Photo courtesy of the U.S. Ski Team
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March 2, 2008 — New Hampshire native Bode Miller picked up 260 World Cup points over the weekend in Kvitfjell, Norway - scene of Tommy Moe's 1994 Olympic gold medal victory - perhaps propelling Miller to more American ski-racing glory.
Unlike last season, when he faded down the stretch and succumbed to a variety of nagging injuries, Miller, 30, is gaining momentum in March, perhaps owing somewhat to the fact that he now races independently for Team America, training and traveling with his own coaches and workout facility in a modified bus.
By winning one downhill (100 points) in Norway and finishing second in another downhill and a super-G (80 more points each), Miller put a substantial gap between himself and his nearest rivals in the race for the overall title.
With six races remaining in the season Miller has 1,363 points to 1,178 for Switzerland's Didier Cuche, who took over second place after Saturday's downhill, relegating Austrian Benjamin Raich is third with 1,073 points. Raich, a technical specialist more proficient in slalom and giant slalom,failed to score points in either downhill and was only 16th in Sunday's super-G.
The men's World Cup now heads to Kranjska Gora, Slovenia, for a slalom and giant slalom March 8-9 (critical races for 2006 overall winner Raich), and then the World Cup Finals March 12-19 in Bormio, Italy.
In Bormio, all four disciplines will be contested by both the men's and women's teams. Miller won a downhill there in December and now has six wins this season (three downhills, two super-combined races and a traditional combined).
By winning Saturday in Norway, Miller posted his 31st career win, moving him out of tie with Raich and all alone into sixth place on the all-time victories list behind only Ingemar Stenmark, Hermann Maier (still active but winless this season), Alberto Tomba, Marc Girardelli and Pirmin Zurbriggen. Raich, now alone in seventh all-time, has just one victory so far this season.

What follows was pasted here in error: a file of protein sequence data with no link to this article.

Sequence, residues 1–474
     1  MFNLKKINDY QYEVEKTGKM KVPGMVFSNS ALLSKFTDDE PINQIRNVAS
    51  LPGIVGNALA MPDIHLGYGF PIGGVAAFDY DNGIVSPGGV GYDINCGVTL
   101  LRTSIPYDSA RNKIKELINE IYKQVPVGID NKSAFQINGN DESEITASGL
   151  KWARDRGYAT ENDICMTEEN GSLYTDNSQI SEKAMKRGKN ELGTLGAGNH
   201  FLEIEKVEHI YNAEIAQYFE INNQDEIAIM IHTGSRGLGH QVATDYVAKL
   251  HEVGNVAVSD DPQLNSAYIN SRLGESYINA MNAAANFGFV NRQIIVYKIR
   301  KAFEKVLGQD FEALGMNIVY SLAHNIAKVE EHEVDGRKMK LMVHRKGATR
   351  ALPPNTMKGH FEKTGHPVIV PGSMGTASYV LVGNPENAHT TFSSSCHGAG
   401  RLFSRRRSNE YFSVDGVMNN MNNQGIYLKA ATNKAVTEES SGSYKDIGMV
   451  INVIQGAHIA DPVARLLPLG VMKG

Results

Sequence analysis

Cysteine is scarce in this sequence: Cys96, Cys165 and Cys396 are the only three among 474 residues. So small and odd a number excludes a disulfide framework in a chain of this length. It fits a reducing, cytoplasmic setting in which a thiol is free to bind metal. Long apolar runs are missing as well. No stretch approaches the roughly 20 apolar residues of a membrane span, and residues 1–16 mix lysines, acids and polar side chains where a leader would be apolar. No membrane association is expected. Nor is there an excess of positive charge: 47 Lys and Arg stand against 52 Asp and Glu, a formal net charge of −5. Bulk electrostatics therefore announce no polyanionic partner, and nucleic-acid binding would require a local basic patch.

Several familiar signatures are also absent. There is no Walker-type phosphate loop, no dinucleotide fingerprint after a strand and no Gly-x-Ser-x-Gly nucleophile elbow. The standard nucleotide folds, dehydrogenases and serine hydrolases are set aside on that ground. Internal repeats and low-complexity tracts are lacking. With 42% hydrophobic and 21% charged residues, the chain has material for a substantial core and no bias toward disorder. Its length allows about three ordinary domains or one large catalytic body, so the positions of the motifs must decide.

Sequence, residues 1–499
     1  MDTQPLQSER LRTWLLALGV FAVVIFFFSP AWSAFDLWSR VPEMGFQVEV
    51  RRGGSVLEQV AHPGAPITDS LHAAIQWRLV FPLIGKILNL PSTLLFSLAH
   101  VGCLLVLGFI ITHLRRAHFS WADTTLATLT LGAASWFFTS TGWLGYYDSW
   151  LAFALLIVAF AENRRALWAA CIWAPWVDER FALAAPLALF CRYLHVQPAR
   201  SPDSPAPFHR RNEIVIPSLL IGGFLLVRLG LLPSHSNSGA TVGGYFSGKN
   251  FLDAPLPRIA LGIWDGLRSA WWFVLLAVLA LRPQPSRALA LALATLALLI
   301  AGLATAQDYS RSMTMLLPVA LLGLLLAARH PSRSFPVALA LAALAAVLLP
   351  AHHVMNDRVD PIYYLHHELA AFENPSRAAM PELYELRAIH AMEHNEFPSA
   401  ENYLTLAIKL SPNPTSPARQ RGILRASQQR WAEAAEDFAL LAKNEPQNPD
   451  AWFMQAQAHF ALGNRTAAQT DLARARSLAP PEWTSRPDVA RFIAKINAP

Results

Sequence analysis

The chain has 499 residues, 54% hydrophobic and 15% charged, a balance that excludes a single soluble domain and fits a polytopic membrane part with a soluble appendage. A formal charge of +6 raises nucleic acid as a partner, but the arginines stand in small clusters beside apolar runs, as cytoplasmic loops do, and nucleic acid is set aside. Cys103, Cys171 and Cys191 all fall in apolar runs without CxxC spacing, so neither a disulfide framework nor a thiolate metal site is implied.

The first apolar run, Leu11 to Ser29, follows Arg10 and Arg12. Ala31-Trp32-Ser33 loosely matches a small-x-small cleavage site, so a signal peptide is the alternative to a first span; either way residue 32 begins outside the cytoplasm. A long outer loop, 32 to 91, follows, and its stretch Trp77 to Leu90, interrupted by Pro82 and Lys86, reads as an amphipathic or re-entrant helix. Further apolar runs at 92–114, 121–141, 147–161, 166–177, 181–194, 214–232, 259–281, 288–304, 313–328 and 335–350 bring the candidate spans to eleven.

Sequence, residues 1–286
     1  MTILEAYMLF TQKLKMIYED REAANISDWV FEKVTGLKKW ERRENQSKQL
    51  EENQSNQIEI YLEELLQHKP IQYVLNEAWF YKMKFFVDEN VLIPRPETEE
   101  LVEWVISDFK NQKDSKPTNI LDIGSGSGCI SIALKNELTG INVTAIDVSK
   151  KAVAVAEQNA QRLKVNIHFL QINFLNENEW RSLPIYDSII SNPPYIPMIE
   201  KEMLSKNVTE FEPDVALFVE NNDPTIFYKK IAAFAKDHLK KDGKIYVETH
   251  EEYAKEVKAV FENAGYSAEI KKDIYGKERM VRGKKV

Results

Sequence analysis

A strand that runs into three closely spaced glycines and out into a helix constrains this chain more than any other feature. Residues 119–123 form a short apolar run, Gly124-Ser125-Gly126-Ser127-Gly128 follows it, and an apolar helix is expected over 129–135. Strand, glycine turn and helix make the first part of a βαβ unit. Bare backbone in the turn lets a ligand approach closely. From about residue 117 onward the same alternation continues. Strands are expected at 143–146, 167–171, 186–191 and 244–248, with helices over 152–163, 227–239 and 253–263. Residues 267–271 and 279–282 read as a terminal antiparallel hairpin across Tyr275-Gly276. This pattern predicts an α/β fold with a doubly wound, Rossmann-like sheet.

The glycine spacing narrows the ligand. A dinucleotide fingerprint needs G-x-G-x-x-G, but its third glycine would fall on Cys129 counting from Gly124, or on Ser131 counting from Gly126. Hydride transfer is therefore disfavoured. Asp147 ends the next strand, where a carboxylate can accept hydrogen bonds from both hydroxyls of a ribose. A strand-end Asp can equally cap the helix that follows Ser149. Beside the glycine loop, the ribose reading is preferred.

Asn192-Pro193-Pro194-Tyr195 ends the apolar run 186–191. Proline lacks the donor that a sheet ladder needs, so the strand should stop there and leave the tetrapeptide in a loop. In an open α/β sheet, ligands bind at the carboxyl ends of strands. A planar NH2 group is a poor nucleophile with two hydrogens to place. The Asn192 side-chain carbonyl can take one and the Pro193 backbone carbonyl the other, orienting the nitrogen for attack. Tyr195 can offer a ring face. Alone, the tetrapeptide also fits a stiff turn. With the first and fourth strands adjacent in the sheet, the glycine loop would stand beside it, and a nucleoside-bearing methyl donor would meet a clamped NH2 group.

Miller, who has one overall title to his credit (2005), has claimed the super-combined discipline title already this season and is now within five points of Cuche for the downhill title with only the Bormio downhill remaining on the schedule. He told the Associated Press he is still not focusing on his second overall title.
"We have to wait and see. There are seven races left - that's a lot of points," Miller told the AP after Saturday's win. "You can never count Benny out in the overall. When I get on the course, the last thing I'm thinking about is the overall. I just push it. If I push it too hard, I can easily make mistakes and go out. If you go out . no points."
The only other American man to win the overall title - considered by most ski racers the ultimate test in skiing because it requires an entire season of consistent success - was Phil Mahre, whom Miller passed on the all-time victory list this season.
Mahre won three straight overall titles in the early 1980s, including the 1983 season when he and fellow American Tamara McKinney both claimed the overall crowns. This season marks the first time since 1983 that two Americans have led the overall hunt.
Ski Club Vail's Lindsey Vonn has a slimmer margin in her quest for the overall title but got a big boost over the weekend when technical events were cancelled due to foul weather in Zwiesel, Germany. Vonn leads last season's overall winner, Austrian Nicole Hosp, by 54 points heading into a downhill and a super-combined March 8-9 in Crans Montana, Switzerland, and then the World Cup Finals in Bormio.
Hosp is a tech specialist who likely would have gained ground on speed-specialist Vonn in Germany, but the races will not be made up. After missing the podium or a win by .01 seconds five times this season, including a recent downhill in Whistler, British Columbia, Vonn said she views the cancelled weekend as a little retribution.
"It's tough when you miss out by a hundredth, let alone miss out by a hundredth five times in the same season, but it comes back around. I would rather have raced the full season, but you can't control the weather," said Vonn, who already has claimed the downhill title this season, only the second American woman to accomplish that feat since Picabo Street did it in 1995. McKinney is the only American woman to have won the overall crown.
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